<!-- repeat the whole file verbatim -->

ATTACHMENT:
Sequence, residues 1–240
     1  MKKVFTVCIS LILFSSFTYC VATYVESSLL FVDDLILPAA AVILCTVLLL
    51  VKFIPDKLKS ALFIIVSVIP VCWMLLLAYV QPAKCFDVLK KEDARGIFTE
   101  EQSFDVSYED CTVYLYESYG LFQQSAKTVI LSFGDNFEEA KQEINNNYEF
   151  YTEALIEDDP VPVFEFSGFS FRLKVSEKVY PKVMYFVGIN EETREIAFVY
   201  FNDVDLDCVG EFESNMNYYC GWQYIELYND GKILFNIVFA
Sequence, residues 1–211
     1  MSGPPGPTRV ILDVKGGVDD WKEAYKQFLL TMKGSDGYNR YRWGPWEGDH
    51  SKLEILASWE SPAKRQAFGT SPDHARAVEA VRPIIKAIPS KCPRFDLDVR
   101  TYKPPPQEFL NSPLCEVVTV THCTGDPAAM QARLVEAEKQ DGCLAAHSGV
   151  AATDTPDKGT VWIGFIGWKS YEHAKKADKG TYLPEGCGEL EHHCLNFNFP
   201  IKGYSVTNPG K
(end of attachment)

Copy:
Sequence, residues 1–240
     1  MKKVFTVCIS LILFSSFTYC VATYVESSLL FVDDLILPAA AVILCTVLLL
    51  VKFIPDKLKS ALFIIVSVIP VCWMLLLAYV QPAKCFDVLK KEDARGIFTE
   101  EQSFDVSYED CTVYLYESYG LFQQSAKTVI LSFGDNFEEA KQEINNNYEF
   151  YTEALIEDDP VPVFEFSGFS FRLKVSEKVY PKVMYFVGIN EETREIAFVY
   201  FNDVDLDCVG EFESNMNYYC GWQYIELYND GKILFNIVFA
Sequence, residues 1–211
     1  MSGPPGPTRV ILDVKGGVDD WKEAYKQFLL TMKGSDGYNR YRWGPWEGDH
    51  SKLEILASWE SPAKRQAFGT SPDHARAVEA VRPIIKAIPS KCPRFDLDVR
   101  TYKPPPQEFL NSPLCEVVTV THCTGDPAAM QARLVEAEKQ DGCLAAHSGV
   151  AATDTPDKGT VWIGFIGWKS YEHAKKADKG TYLPEGCGEL EHHCLNFNFP
   201  IKGYSVTNPG K